Really? How do you see a comma, period, etc.?
There were none. They are always interpretive. And you knew that...there were no diacritical marks in the earliest writings either. Just raw consonants. Part of the miracle of the Tanakh is the degree to which there is agreement in that which is written. The Quran did not even come close...they burned anything that differed from the copy that had been chosen from the diversity.

So, these are the traditions of men. Too bad.
Why? And who cares? They are neither sacred nor instructive in nature...like a birthday. When you try to defend your inventions because we have holidays, you fail on two counts: Your religion has been relegated to ancient invention when you were forced to stray from Moses by circumstances brought on by the sin of Israel, and the Christian faith stems from a known moment in history that vindicates the Words of your Messiah and that would redeem you all from that same sin, as soon as you look on Him Whom you have pierced.
Which it isn't, as you can't even read this post without some tradition on language and writing.
When you relegate "Oral Torah" to common grammar and linguistic usage, you kind of neuter the claim...don't you? I'd love to hear OH say, "I was only talking about the alphabet, and grammar when I said, 'Oral Torah.'"
 
Are you being serious?

All evidence points to spontaneous generation. Language did not originally evolve from a regular series of grunts a groans and random tonalities. When God spoke, Adam understood and spoke back in the same language.
My focus is written language. That didn't show up spontaneously and requires a tradition behind it. That's where oral law comes in.

You are serious. Is that because the meaning of what is said changes for you, when your unbelief is more compelling than faith? No. It's enough that what is written is understood...Otherwise your misunderstanding becomes a tradition that must be explained by a supplemental reader like you have, that helps you explain away the Torah and Messiah.
Again, without a written tradition on how to write and then interpret what you're reading you have nothing. Your Bible was given to you by us and you follow our tradition by default.

Ironically, you can't read Hebrew and then want to lecture on how to understand things.

See above.
Good idea. Again. :rolleyes:
There were none. They are always interpretive. And you knew that...there were no diacritical marks in the earliest writings either. Just raw consonants. Part of the miracle of the Tanakh is the degree to which there is agreement in that which is written. The Quran did not even come close...they burned anything that differed from the copy that had been chosen from the diversity.
Yep, the oral tradition maintained this agreement.

Why? And who cares? They are neither sacred nor instructive in nature...like a birthday. When you try to defend your inventions because we have holidays, you fail on two counts: Your religion has been relegated to ancient invention when you were forced to stray from Moses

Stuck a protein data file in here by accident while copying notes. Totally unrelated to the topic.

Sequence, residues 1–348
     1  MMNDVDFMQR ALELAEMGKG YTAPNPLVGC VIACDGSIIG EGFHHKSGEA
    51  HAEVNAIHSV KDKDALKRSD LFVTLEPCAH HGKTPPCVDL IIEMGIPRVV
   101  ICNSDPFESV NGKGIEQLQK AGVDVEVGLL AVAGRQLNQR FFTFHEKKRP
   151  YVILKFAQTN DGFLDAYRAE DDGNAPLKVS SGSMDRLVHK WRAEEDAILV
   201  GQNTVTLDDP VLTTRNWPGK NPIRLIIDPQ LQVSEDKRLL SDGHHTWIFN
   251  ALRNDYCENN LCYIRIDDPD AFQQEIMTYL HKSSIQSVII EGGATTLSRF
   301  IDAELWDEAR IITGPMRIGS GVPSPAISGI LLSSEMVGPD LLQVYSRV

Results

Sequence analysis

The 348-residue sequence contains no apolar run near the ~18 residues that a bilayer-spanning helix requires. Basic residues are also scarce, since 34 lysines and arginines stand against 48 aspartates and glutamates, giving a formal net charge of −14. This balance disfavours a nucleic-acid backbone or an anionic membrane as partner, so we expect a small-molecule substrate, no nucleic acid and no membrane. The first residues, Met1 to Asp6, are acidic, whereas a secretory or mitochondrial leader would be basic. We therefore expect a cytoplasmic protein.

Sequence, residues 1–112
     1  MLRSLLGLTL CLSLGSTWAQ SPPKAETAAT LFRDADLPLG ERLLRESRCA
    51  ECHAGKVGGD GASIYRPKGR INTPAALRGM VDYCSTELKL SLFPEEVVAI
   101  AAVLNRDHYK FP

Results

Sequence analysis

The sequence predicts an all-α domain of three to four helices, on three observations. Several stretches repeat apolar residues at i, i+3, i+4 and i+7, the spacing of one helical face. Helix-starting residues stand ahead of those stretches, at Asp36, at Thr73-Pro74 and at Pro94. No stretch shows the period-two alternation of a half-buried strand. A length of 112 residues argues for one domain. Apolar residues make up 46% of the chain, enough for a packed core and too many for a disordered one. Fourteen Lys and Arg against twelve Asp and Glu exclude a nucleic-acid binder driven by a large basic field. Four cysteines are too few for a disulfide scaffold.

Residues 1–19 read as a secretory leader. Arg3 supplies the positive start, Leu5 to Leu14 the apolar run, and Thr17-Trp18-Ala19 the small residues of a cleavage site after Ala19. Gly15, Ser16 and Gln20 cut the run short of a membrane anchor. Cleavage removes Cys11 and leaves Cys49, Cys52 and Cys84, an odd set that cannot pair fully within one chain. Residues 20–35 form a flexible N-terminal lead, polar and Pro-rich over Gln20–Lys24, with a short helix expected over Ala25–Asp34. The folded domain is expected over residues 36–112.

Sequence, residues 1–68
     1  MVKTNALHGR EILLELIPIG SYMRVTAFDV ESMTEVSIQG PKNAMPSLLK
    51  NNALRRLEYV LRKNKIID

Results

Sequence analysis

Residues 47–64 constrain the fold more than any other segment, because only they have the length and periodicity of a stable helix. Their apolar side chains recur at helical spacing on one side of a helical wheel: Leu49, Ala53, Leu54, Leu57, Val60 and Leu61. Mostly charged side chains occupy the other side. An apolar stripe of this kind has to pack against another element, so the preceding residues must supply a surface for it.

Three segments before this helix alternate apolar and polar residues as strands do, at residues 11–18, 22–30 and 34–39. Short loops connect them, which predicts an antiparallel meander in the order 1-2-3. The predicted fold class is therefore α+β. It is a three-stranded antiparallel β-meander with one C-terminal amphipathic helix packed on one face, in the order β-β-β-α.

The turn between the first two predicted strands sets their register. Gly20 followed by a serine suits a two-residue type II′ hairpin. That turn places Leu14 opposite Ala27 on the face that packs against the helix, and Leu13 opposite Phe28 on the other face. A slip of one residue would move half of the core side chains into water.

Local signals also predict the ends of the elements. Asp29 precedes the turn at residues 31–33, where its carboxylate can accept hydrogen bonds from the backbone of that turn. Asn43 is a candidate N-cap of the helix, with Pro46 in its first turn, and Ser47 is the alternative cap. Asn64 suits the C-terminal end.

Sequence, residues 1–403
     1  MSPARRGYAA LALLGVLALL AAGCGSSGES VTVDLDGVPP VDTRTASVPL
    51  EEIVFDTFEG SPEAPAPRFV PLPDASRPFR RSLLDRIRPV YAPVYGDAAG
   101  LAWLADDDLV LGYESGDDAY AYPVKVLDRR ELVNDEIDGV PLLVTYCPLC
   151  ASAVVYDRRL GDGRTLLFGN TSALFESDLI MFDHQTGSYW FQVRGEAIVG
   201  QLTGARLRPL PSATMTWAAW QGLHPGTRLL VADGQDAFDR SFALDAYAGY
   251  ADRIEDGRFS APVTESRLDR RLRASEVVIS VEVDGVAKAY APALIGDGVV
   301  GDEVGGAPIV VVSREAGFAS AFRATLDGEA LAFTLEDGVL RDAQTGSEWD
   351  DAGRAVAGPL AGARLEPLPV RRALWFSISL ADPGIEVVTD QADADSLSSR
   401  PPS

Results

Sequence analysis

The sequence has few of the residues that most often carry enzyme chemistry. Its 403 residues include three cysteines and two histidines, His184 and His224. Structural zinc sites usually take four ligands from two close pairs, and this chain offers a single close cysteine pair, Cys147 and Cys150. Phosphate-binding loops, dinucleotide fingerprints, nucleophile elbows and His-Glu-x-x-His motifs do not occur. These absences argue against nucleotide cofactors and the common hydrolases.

The traditions of men are yours and from your religion. Ours comes from the authority in Tanakh given by God Himself. Read Deut 17.

by circumstances brought on by the sin of Israel, and the Christian faith stems from a known moment in history that vindicates the Words of your Messiah and that would redeem you all from that same sin, as soon as you look on Him Whom you have pierced.
No, the Christian church is filling prophecy from Daniel 7:25, changing laws, festivals, the religion. Its the beast in lamb's clothing;)

When you relegate "Oral Torah" to common grammar and linguistic usage, you kind of neuter the claim...don't you? I'd love to hear OH say, "I was only talking about the alphabet, and grammar when I said, 'Oral Torah.'"
My starting point for argument is that you've already accepted the oral Torah by accepting the Tanakh you have in your hands today. It's hypocritical to say otherwise. We just start from there and follow through.
 
When one cedes godly authority to humans, there’s no end to the depravity that will ensue.
History has proven this to be true.
I post this for the lurker(s) who need a push to consider this thesis and its implications, not for the scholars who post. They are generally quite satisfied to follow the widest, shortest path.
 
The following is an incredibly good discussion of the evolution of human language by the Linguistic Society.
It says, "No one knows..." and there is no possible evidence available. the Bible makes it clear. Language and all communication was spontaneously generated upon the creation of Adam. The Word was also in us, and with us, and made us.

When I was in college, we were studying linguistics, and there were fascinating papers being written then tracing all languages back to an original source. There are still those who are trying to infer from all languages, the first language. Here's a great article that speaks to that endeavor. https://www.dictionary.com/e/origin/